Written By Mesha G., – Official Contributor of The Crowned Series

More recently, I’ve found myself wearing natural hairstyles.  This summer, I went to Cabo and wore my favorite wig with 22 inches of Brazilian beautiful-ness and ruined it…I don’t know who I thought I was acting like I grew all that from my dome, I was jumping into the ocean and stuff (sidebar, wig was secured at no moment was she not attached to my head).  After my summer fun, it was hard and incredibly stiff; I bought special shampoo to revive it and all that but she died on the scene. I spent a lot of money on that wig too, so I was low key devastated how it bad got. Then my devastation turned into protest, I told myself to not buy any more wigs.

I honestly thought it would be similar to one of those moments you swear you’re done drinking but go out still later that night kind of experience.  But it hasn’t been. For a while, I did the good old wash and blow dry (and flat iron) that many of us are used to. The summer and natural hair that you’re trying to straighten also don’t match that well either, so while talking to one of my friends, she offered to do a flat twist for me.  

Now at that time, I admired but knew nothing about true natural hairstyling.  As I was watching YouTube learning how people DIY’d this themselves, I came across the LoC method — it felt like black girls learned the Krabby patty sauce recipe. A whole new world of information was unfolding right before me.  I was amazed but immediately I felt some kind of way.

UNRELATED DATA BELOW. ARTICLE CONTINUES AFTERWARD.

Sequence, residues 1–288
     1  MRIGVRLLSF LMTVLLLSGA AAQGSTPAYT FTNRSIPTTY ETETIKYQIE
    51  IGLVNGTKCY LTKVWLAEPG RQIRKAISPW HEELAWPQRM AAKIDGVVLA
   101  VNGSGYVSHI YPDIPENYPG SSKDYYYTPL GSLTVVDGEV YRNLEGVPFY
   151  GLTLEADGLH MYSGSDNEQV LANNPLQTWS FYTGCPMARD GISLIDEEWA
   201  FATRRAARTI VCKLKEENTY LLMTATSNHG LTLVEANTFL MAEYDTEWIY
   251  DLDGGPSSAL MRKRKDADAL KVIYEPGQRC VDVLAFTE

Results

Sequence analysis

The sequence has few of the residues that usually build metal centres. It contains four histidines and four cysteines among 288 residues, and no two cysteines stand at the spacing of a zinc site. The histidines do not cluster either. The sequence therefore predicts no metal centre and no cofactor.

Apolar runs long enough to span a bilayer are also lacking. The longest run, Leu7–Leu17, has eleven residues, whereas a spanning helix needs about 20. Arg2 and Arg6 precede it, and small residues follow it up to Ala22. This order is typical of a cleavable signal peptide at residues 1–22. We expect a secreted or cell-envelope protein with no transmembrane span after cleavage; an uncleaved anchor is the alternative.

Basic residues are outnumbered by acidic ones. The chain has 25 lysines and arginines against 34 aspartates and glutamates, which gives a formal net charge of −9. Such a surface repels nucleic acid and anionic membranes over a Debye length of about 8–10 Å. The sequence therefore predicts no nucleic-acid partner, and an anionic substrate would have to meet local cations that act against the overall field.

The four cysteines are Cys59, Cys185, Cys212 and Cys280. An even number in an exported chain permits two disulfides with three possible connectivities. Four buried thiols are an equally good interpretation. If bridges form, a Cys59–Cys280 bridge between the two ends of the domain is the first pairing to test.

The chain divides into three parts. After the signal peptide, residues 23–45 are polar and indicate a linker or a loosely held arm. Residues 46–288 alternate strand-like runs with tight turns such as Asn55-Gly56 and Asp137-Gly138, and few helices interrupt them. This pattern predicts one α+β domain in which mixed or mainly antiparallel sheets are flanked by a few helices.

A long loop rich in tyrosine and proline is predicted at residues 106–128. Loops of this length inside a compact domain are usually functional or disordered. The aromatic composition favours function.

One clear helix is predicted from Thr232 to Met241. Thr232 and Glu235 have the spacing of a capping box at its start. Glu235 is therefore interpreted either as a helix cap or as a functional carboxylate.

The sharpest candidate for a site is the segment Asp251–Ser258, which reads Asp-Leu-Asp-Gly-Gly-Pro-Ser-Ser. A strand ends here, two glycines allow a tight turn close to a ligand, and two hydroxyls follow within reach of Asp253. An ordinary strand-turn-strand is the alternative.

One of the reasons this experience brought me into my feelings is based off the strength that for so long, black women only had one standard of beauty that didn’t reflect our image.  At a very young age, many black girls around my age and older has had an experience with Just for Me relaxer kits and we were so excited as children to chemically change our hair to be straight.  That shit burned like something crazy but as children we thought that the temporary pain we endured relaxing our hair was worth it. 

I’m pretty late on the natural bandwagon. It’s been years since I’ve had a relaxer, but many of my hairstyles were wigs, weaves, and my own hair just straighten so who would have ever known. And I wasn’t proud of my hair that I was born with… I always thought things like, a few more inches in length or as soon as my dry time decrease, I’ll do something different…literally making up excuses to myself about my natural crown of glory.  

Learning about natural hair also served as a catalyst for the nerd in me to truly learn from multiple perspectives about black women and their hair and the struggle it has been here in America. Sometime soon, I’ll have to share all I learned, giving you all another reason to know how black women are amazing. Versatility isn’t even the best part of black women and their hair. Also, on the note of versatility, don’t be alarmed of a wig fall back in my good graces — it does not take away any of the admiration I’ve gained over the summer. 

My final thought (for now) flat twist > two strand twist.


 Mesha G., Official Contributor of The Crowned Series

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